Anthony Giddens like Daherendorf and Hewitt, picks up the theme of globalization. He takes the lecture as an opportunity to restate his work of the past decade on time- space distanciation, detraditionalization and reflexivity. In particular he takes Marshall's work as a background against which to assess theories of democratization. The links to Marshall, however, are never quite clear, except in the assertion that these processes were missed out by Marshall. Perhaps the most promising contribution that Giddens could have made to a reassessment of Marshall would have been for him to reassess Marshall in terms of problems of 'localization' and of the end of the nation-state. Giddens simply mentions these problems, however, and does little to resolve them.

Michael Mann is perhaps the most critical of Marshall's account which he sees as Anglophile and evolutionary. Taking up Marshall's often explicit normative position of support for reformist liberalism he argues for attention to geopolitics in relation to citizenship's response to class struggle. He regards 'the British strategy of citizenship' as only one way of taming class conflict, among others such as liberal, reformist, authoritarian monarchist, fascist and authoritarian socialist. these were not necessarily better ways of containing the rise of the bourgeoisie, he argues, but these regimes were less successful at winning world wars. They did not die of natural causes, he argues, they were assassinated. Therefore the evolution implicit in Marshall's schema is, for Mann an illusion: 'Sociologists are prone to forget that "evolution" is often geopolitically assisted'.

Mann's account reads as slightly dated, because of its concern with the cold war. Surely what Mann termed authoritarian socialist regimes were not assassinated in wars, but died from natural causes (particularly due to their inability to deal with claims arising from civil society). The overall argument, however, is well put and very strong: We should beware the tendency to evolutionisms in Marshall and look at endogenous factors.

James Meade explores the 'perverse effects' of welfare, the only economist in the collection. A. H. Halsey takes a historical approach to Marshall, describing the milieu from which he came, and developing an account of the making of ethical socialists such as Marshall. John Goldthorpe also takes up the theme of history, not looking directly at Marshall's theory but using it to examine the relationships between the disciplines of History and Sociology. Ronald Dore reads Marshall in terms of a concern with the right to equal dignity, and the more general problem of egalitarianism in terms of ideas of recognition and the distribution of dignity, in terms parallel to Michael Young's famous concerns about meritocracy. This he discusses in terms of the problem of structural unemployment. He calls for a kind of minimum wage to be provided in the dignity economy. W. J. Wilson does not engage directly with Marshall's work. He introduces an excellent ethnography of the underclass, but does not mention citizenship theory as a problematic.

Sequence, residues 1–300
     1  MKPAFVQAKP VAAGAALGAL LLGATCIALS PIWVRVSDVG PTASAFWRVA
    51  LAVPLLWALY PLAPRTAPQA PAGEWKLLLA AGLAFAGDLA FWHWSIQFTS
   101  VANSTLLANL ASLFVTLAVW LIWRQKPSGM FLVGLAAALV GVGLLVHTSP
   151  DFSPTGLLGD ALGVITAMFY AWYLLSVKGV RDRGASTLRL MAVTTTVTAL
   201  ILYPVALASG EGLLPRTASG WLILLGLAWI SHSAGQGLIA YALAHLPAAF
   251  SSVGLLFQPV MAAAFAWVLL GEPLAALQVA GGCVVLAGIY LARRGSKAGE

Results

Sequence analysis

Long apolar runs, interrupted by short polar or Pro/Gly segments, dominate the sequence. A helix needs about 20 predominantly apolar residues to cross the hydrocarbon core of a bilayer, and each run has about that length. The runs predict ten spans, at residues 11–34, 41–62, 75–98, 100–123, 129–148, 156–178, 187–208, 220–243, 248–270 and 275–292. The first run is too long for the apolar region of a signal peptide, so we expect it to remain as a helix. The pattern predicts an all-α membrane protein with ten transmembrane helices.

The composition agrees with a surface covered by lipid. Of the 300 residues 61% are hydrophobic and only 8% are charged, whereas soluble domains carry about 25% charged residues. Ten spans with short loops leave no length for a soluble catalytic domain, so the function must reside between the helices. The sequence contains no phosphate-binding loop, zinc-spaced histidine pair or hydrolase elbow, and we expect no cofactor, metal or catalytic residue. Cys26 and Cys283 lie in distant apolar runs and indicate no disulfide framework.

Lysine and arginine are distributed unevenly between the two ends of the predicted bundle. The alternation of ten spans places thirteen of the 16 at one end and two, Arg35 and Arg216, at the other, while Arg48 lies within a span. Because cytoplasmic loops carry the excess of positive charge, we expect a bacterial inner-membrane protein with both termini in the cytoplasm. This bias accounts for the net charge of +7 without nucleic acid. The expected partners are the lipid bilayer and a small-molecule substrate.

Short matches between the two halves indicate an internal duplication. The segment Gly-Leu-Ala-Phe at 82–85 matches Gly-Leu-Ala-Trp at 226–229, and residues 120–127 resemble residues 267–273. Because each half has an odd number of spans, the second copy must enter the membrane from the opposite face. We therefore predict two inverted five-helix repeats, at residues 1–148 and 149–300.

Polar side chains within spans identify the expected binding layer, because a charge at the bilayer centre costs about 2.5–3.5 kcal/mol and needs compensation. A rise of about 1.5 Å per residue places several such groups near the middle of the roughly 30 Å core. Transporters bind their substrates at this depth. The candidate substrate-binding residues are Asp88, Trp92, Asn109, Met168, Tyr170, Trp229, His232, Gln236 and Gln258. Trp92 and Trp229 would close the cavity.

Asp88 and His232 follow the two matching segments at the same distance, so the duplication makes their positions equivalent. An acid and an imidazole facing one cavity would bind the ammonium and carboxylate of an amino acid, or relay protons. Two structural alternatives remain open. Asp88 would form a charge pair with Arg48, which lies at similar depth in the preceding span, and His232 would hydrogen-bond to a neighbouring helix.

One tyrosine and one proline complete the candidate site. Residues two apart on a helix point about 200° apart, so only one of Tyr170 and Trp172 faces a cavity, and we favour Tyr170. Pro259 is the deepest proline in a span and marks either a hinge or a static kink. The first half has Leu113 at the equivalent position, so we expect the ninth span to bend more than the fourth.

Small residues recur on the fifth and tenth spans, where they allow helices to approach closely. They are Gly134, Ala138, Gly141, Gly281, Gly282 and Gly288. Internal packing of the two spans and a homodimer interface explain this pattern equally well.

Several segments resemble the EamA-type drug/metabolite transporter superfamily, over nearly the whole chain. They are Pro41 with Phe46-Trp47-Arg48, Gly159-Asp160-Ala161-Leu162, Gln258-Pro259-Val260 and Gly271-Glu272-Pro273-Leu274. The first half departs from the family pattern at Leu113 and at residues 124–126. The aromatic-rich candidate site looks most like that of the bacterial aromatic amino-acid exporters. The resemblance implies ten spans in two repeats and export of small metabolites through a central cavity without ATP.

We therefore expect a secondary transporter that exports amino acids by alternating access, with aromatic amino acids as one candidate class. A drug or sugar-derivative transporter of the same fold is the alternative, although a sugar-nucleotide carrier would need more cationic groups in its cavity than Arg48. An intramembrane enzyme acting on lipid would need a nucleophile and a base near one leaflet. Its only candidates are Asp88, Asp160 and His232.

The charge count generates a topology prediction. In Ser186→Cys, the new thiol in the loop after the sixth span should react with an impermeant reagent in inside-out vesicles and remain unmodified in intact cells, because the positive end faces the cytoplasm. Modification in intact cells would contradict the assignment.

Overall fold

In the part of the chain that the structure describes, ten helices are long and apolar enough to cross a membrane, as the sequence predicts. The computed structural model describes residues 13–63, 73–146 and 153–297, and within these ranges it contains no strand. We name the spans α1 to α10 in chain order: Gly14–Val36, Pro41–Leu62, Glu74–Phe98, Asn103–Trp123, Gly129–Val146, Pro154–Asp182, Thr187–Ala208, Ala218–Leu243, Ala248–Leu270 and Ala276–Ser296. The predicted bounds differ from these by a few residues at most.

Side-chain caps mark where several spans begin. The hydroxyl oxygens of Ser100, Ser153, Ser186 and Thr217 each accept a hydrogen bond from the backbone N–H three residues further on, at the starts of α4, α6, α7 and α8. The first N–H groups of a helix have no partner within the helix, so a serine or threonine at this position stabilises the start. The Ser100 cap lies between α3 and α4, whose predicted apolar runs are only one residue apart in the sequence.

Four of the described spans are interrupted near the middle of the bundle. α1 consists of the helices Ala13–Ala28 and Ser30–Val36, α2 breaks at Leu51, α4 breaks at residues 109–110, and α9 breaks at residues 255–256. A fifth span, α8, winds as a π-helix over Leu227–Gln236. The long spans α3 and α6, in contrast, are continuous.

Most of the discussion of Marshall's framework remains within the parochial British, even English debate, despite the widespread criticism of Marshall's English ghettoization, and despite the fact that there has been a considerable interest in Marshall, outside Britain, particularly in the U.S. and Italy. What the editors might have done was place the lectures within the broader, and much more vital debate that is currently raging about Marshall. That would open Marshall's theory up to some much more probing criticism, and a more useful account of what is left of Marshall may be made.

Perhaps the lack of an overarching theoretical discussion of Marshall's work reflects the ongoing problems with it. The authors are often too deferent to Marshall, and do not bring up the problems inherent in his work, notably the vagueness regarding the status of the theoretical scheme. Is the three stage model of civil, political and social rights an explanatory hypothesis, or an ideal-type periodization? This was never made clear by Marshall, and this confusion is echoed in this collection.

The collection could have been made more coherent by excluding those lectures that did not engage theoretically with Marshall (Giddens, Finch and Wilson, for example) and including a more thoroughly analytical section in the conclusions. If we are disappointed to find a comprehensive reworking of Marshall for the current period, this may not be the fault of the authors. It may be that Marshall's work, although very enlightening for a certain modern and self-confident period in English national history is not to be recuperated for a globalizing, fragmenting world. Marshall's assumptions, tenuous and wishful even in his time, are now even harder to sustain.

Damian Tambini
Institut Universitaire Europeen, Florence


Soysal, Yasemin Nuhoglu (1994). Limits of Citizenship: Migrants and Postnational Membership in Europe. Chicago: University of Chigaco Press.

Copyright Sociological Research Online, 1996